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I'm puzzled about why the formula for area of a square is side squared, but for a rectangle it's length times height. Why wouldn't it be for a square, side times side?

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    $\begingroup$ It's the smae formula, except width = height = side for squares! $\endgroup$ – Bernard Oct 8 '17 at 16:31
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    $\begingroup$ In other words, side $\times$ side = side${}^2$. $\endgroup$ – J.-E. Pin Oct 8 '17 at 16:32
  • $\begingroup$ Actually you can get the area of the square also using the formula for the rhombus $$\frac{diagonal\times diagonal }{2}$$ $\endgroup$ – Raffaele Oct 8 '17 at 16:38
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The reason is simple and follows a common tradition in human communication far away from mathematics: We don't say "I ate an apple and an apple", though nothing factually or grammatically wrong. We prefer to say "I ate two apples"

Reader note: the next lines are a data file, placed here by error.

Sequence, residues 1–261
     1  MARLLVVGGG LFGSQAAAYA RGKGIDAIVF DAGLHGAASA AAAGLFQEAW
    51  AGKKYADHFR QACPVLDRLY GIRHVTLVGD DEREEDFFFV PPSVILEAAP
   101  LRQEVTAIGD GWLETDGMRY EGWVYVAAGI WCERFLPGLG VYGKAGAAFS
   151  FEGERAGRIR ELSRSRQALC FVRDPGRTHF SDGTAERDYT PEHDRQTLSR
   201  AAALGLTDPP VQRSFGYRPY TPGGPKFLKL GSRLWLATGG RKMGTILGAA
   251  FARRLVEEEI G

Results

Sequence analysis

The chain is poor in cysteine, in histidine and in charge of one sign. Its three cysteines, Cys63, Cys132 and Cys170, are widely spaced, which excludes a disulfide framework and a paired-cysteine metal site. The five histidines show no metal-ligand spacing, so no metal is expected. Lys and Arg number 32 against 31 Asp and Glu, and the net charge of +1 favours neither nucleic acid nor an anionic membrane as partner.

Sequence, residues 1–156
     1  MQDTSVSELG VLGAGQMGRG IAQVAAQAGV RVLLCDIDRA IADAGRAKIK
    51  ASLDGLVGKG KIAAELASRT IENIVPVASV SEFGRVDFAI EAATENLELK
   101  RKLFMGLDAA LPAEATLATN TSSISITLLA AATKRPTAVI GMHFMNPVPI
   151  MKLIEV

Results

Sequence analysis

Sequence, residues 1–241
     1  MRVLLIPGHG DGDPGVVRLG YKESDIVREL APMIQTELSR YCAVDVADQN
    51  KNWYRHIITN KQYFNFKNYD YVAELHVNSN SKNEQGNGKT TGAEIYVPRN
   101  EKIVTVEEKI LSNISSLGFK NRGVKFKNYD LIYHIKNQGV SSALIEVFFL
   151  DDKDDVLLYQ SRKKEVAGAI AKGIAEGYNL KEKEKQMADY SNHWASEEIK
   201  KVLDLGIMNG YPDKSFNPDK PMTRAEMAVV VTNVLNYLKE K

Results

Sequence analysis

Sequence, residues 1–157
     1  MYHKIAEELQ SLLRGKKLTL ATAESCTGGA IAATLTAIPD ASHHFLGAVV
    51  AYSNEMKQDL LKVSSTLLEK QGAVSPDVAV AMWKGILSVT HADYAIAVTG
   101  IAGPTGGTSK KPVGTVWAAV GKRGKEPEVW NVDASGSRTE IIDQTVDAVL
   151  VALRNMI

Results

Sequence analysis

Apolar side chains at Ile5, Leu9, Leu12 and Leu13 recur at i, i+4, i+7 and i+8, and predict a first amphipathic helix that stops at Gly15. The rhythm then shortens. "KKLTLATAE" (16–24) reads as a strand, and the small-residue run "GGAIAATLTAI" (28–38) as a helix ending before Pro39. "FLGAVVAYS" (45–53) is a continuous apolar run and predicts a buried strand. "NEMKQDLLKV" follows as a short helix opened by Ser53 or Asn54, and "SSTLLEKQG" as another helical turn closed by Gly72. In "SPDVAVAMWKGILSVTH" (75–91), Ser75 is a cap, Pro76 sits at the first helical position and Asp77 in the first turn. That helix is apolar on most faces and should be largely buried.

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"Side times side" is equal to "side squared". So they are the same. $$\text{side }\times\text{ side} = \text{side}^2$$

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I am writing this to answers because I can't write it to the comments Assume that you have a square with side (say) $a$ units long, the area of this square (as we know it) is $a^2$;enter image description here

And then assume that you have pasted two squares horizontally;enter image description here

Now you have o add the area of these two squares $a^2+a^2=2a^2$ which we already knew from $side\times side$, this is a little demonstration of the fact that you can make two squares out of rectangles and add their areas together to prove that the area of a rectangle $=\text{side}\times\text{side}$. And my apologies because I am a beginner in Geogebra.

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